With all the talk of a Donovan Mitchell trade that may involve Obi Toppin, it’s worth wondering what his fate is if things stay the same.

On the cusp of his third NBA season, Obi Toppin has made Knick fans feel as comfortable as ever about his capabilities as a utility player on the team. A constant presence with teammates at basketball-related events always seen with a smile on his face, he’s got an infectiously positive personality and revels in being able to play for his hometown team.

Packaging him in a possible trade for Donovan Mitchell would be a tough pill to swallow, but one that fans would be able to brunt the bear of. The 25-year-old three-time All-Star would be a clear win for the franchise, and the team shouldn’t have a problem moving some combination of younger pieces and draft picks to acquire him. For Toppin’s career, a move to a team that just offloaded their two franchise players would be beneficial to his own game, paving the way for many more minutes and starts than he’s received on the Knicks. Or, in order to match salaries, perhaps Julius Randle would be the centerpiece of the trade from the Knicks’ side. This would leave the starting power forward position open, and possibly Toppin’s for the taking.

Toppin brings a play style at the power forward position that is entirely different from Randle’s and would be worth experimenting with in the starting unit. Whereas Randle is a ball-heavy player who thrives on backing down players in the paint and finding his own shot or passing out to open players on the perimeter, Toppin is a slasher who operates best when cutting to the rim or getting into space for open opportunities. With a revamped starting unit that will include Jalen Brunson as the primary ball handler, Randle’s may clog the system by giving the Knicks too many ball-dominant players on the floor at once. With Toppin, though, Brunson would have a frequent partner he could find at the rim or on the move without the ball in his hands.

If the Jazz and Knicks are unable to come to a trade agreement, though, where does that leave Toppin? Is he doomed to the same 10-15 minutes per game off the bench playing behind Randle? Going into his age-24 season, this continued limited role would only hurt Toppin’s development. He’s certainly shown that he’s worth more playing time, but on a team with playoff ambitions and a set rotation, it would be nearly impossible for Toppin to carve out those extra minutes.

There was no greater testament to Toppin’s abilities than the closing month of the last NBA season. In the final five games the Knicks played in April, all of which Toppin started, he quickly turned heads with his play. He averaged 27.2 points on shooting splits of 55/46/86 to go along with 6.2 rebounds and one block per game. He closed the season on a high note in the last game against the Raptors on April 10, scoring a career-high 42 points while going 16-28 from the field and 6-14 from three-point range. 

This all goes to show that being an efficient NBA starter is certainly in his range of outcomes. Simply put: barely cracking double-digit minutes behind Randle is becoming something of an insult to Toppin’s abilities. Unfortunately, if a trade doesn’t happen, he may be doomed to repeat this fate. If he does wind up in that same role, though, are there possibly other parts of the rotation Toppin could crack aside from being Randle’s backup?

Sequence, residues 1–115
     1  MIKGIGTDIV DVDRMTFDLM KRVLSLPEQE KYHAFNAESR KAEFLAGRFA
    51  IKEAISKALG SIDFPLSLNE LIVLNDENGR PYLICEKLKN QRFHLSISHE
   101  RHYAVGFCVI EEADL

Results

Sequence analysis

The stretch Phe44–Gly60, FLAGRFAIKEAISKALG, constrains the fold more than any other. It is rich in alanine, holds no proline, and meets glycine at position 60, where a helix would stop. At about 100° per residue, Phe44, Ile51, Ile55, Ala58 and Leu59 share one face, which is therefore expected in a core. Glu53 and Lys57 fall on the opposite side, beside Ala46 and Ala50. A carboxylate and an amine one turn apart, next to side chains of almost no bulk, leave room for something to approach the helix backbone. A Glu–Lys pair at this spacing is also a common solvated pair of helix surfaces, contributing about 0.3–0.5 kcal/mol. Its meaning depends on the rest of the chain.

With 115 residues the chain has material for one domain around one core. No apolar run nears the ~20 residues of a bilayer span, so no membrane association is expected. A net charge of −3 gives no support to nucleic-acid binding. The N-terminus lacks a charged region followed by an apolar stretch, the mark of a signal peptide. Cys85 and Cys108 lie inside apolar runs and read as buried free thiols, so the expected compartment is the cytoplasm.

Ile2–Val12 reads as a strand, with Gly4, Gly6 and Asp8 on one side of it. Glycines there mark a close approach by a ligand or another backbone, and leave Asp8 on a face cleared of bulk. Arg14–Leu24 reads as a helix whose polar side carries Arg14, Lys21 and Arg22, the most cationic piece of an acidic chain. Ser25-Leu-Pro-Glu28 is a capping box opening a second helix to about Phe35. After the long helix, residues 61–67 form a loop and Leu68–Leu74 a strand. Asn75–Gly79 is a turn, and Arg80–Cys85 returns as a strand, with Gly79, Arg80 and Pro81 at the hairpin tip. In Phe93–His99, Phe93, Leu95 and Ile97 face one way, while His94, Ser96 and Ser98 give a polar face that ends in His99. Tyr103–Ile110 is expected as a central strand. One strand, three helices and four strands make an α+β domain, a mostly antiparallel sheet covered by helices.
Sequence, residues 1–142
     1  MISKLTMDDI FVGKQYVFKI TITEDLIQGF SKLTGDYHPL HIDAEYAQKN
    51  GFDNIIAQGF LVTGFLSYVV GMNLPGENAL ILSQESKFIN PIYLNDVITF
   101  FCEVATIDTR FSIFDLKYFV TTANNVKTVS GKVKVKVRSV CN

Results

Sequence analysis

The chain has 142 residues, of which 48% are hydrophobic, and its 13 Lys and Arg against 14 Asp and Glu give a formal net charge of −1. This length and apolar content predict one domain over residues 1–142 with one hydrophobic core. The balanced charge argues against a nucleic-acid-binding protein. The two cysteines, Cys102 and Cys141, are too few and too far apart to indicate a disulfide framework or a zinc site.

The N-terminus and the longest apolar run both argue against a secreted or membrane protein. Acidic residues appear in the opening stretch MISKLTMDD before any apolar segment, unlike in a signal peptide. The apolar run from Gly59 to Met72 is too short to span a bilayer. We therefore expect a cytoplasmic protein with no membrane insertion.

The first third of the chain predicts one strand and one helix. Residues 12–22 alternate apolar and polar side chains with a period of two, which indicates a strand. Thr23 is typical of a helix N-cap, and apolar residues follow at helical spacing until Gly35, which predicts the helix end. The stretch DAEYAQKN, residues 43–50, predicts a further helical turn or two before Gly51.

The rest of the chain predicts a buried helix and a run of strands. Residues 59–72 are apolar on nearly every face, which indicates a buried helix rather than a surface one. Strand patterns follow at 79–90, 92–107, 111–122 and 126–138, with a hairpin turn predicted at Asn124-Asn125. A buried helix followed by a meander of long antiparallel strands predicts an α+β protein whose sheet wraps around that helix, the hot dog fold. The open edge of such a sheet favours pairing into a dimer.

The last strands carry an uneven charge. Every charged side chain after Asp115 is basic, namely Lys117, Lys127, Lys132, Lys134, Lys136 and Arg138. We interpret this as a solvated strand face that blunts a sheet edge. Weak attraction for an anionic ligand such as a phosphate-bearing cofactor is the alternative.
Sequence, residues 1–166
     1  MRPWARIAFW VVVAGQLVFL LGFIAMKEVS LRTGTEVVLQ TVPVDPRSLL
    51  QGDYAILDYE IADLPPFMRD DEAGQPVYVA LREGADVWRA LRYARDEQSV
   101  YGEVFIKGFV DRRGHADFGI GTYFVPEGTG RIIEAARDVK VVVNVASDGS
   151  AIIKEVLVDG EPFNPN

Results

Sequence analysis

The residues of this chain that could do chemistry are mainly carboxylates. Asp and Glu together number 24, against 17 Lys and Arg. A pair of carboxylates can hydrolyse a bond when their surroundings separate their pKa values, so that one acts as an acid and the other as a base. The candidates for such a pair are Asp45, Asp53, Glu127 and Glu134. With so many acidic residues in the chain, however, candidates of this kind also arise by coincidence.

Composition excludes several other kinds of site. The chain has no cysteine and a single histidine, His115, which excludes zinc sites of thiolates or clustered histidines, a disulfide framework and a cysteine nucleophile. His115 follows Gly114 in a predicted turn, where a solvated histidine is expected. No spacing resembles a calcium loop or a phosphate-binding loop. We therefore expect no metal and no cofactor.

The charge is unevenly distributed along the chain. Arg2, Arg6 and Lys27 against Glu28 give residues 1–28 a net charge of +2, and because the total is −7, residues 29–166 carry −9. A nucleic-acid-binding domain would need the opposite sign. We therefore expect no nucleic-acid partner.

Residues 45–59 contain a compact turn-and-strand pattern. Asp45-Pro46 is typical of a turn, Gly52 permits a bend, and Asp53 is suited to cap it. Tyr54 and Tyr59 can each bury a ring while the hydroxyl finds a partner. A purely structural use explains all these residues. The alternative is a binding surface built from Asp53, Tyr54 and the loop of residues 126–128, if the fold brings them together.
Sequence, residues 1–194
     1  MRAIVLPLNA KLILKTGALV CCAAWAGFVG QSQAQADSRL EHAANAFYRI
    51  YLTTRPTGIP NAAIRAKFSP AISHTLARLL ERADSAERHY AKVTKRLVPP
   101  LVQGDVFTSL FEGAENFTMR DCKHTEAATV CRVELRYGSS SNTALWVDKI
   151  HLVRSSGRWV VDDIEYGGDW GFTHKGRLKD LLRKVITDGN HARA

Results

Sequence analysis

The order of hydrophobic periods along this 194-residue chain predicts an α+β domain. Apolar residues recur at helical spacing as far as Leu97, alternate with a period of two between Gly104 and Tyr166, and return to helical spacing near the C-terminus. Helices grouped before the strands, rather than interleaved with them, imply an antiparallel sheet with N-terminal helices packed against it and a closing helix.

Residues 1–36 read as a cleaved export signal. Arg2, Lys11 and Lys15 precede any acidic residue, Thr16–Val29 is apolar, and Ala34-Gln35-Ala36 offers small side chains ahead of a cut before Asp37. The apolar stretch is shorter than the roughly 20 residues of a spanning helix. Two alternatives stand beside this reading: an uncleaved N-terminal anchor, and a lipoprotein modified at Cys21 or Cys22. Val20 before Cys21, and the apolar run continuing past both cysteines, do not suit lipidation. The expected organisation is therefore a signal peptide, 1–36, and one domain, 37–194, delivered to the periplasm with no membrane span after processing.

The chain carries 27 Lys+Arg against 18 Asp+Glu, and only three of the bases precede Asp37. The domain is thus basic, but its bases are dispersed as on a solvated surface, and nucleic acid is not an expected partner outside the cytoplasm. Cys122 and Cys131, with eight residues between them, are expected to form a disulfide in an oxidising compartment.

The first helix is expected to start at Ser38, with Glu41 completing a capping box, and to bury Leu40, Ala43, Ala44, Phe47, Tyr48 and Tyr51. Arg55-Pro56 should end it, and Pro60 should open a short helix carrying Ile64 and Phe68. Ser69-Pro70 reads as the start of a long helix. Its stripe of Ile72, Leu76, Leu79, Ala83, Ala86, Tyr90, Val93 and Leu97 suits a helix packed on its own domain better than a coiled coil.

A fan-favorite combination from last season was the Randle-Toppin frontcourt. It was seen at times last season due to injuries at the center position but was shelved whenever the team was close to full strength. The combo was fairly efficient, as the team was a +0.4 when the two shared time together in the frontcourt over 20 games at an average of five minutes. 

With the center position uncertain at the beginning of free agency, it was natural to get excited at the prospect of these two running the post. With Nerlens Noel traded and Mitchell Robinson a free agent, anything could happen at the position. Once Robinson was re-signed by the Knicks, that was okay, too, since there was now a backup center spot open. Perhaps Toppin could play the role of a forward-center off the bench that would net him more playing time. That thought was quickly halted by the signing of Isaiah Hartenstein to play behind Robinson, thus ushering Toppin back to his customary role behind Randle.

The only possibility for Toppin could be taking some of the minutes presumed to be Cam Reddish’s for the taking. Reddish, the fourth-year player traded from the Hawks last year, spent most of last season either out of the rotation or injured. Of the players projected to fill out the Knicks’ rotation, he is the one most at risk of being relegated to full-time bench duty. If Toppin could operate as more of a small forward as Reddish does, he could nab some of those minutes. That would force him to become more of a shooter around the arc, but if he can keep up the shooting that he showed in April, it’s somewhere he can grow his game further.

Alas, if things do just stay as is, with no trade excitement for the rest of the summer, it may sadly be back to the reserve minutes behind Randle to which Toppin has become accustomed. Tom Thibodeau is an infamously stubborn head coach who sticks to his rotations like religion. In this case, Toppin will just have to stick to what he does best and showcase his bungee jumping and around-the-floor intensity until he forces the team’s hand.

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